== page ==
298
Off-topic (Locked) / Re: Foreigners
« on: April 23, 2012, 09:42:39 AM »
 Racism is a major problem in the US and has been for a long time. It's become tied with immigration in the last couple decades. If you are black in the US you are many times more likely to go to prison for the same crimes as a white person. The same is true for other races of Americans but not as bad as for blacks. Something like 1/3 black men will be in prison in their lives. We currently have 1/100 men in prison in the US. 3% of the total population is incarcerated or on restriction (probation/parole). It's just crazy.

Jo is a racist- Categorizing actions taken against individuals BASED UPON RACE is without respect to each individual case in which crimes are committed and sentences made. If it turns out that black people just happen to commit more crimes, THEN IT'S OKAY. THE SYSTEM IS FINE. It may also be that white people just happen to  be innocent more often than blacks.

The hilarious thing is that MOST of the crimes black people commit are against OTHER BLACK people. The FBI publishes (on their website) yearly statistics of crimes that result in murders- the last time I was doing research on it (2003), 80% of ALL crimes involving murder (since the 70's) were black people killing black people (in most cases involving theft of some kind). The statistics DO NOT FAVOR black people!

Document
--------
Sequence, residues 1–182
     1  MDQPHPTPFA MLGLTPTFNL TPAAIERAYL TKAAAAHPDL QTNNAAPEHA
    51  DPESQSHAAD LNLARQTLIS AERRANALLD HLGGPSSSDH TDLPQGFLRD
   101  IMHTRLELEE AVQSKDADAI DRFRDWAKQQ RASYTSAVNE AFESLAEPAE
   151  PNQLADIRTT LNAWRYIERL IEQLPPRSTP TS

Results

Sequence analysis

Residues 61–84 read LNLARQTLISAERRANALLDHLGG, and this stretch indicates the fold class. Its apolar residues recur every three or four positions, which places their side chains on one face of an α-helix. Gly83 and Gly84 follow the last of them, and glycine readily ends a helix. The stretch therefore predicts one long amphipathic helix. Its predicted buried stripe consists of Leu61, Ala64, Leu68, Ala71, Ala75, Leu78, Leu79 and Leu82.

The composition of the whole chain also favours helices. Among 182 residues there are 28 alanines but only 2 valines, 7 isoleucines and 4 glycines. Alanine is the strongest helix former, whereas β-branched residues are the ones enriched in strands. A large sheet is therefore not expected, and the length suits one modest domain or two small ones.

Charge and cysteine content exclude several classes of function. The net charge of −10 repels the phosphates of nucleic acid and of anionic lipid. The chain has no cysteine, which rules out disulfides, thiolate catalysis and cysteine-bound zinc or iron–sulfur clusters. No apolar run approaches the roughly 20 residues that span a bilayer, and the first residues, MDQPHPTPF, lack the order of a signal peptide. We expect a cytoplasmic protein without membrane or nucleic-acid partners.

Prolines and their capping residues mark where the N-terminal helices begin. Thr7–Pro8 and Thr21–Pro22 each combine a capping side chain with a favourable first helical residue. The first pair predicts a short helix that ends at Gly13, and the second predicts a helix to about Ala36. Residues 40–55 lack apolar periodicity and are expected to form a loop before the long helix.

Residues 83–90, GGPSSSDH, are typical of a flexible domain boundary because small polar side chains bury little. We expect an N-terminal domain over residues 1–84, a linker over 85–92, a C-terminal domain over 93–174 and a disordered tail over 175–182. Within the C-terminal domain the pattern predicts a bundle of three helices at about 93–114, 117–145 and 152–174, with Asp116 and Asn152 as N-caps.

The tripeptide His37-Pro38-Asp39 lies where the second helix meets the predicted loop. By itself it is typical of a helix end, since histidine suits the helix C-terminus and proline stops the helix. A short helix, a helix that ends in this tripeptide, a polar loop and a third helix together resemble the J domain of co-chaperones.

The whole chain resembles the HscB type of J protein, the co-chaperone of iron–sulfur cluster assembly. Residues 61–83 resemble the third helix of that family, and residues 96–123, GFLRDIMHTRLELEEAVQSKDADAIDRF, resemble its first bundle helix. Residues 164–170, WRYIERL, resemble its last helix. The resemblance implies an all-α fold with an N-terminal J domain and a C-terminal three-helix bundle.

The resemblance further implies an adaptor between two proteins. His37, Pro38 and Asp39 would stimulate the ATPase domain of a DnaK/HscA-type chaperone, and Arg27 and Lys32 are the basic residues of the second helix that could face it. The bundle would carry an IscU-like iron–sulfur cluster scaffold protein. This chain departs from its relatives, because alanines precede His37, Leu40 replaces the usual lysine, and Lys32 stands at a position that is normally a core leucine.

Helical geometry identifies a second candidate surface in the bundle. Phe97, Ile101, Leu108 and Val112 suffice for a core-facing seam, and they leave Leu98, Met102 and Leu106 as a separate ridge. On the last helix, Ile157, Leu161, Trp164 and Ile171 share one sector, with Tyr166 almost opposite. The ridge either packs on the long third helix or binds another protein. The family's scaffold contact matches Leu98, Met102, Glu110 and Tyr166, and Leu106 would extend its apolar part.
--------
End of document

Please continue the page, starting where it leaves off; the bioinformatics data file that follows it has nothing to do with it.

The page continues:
That said- If you submit two job applications where the only thing different is the name and one person is named "James" and the other is named "Shiquandaniqua," it's shamefully racist who is going to get the job. Statistics show that "James" will find a job significantly faster- unless the hiring agency needs to satisfy race/gender hiring requirements for tax breaks.

Companies look at statistics and see that black people, historically, commit more crimes. The fact that the former is true results in the latter. I was working in retail on Manhattan right in Union Square. Our store raked in 100k of sales each Saturday. Probably 80% of the shoplifting that took place- split evenly between Blacks and Latinos. We can call this racism, but the reality of it is that these conceptions developed organically.

The days of senseless lynching racism has been over (at least in places where it matters) for a long time. Now it seems to be predicated on the body of behavior that they have provided.

299
Programming / Re: Ease of Implimentation...Major Consideration?
« on: April 23, 2012, 09:19:15 AM »
Wait- what's your problem?

Are you having trouble designing the rules of your game, or programming it?

300
HaXe has completely won me over. It can target HTML5/JS, Flash, and Native without any changes to code (using the NME library). The language/syntax is very Flash-like, but the actual HaXe language features are superb for my needs/paradigm.

@aave,
I'll just DIE without pixel shaders! I'm not opposed to WebGL or OpenGL, but I'd rather not use up development time on non-gameplay oriented components.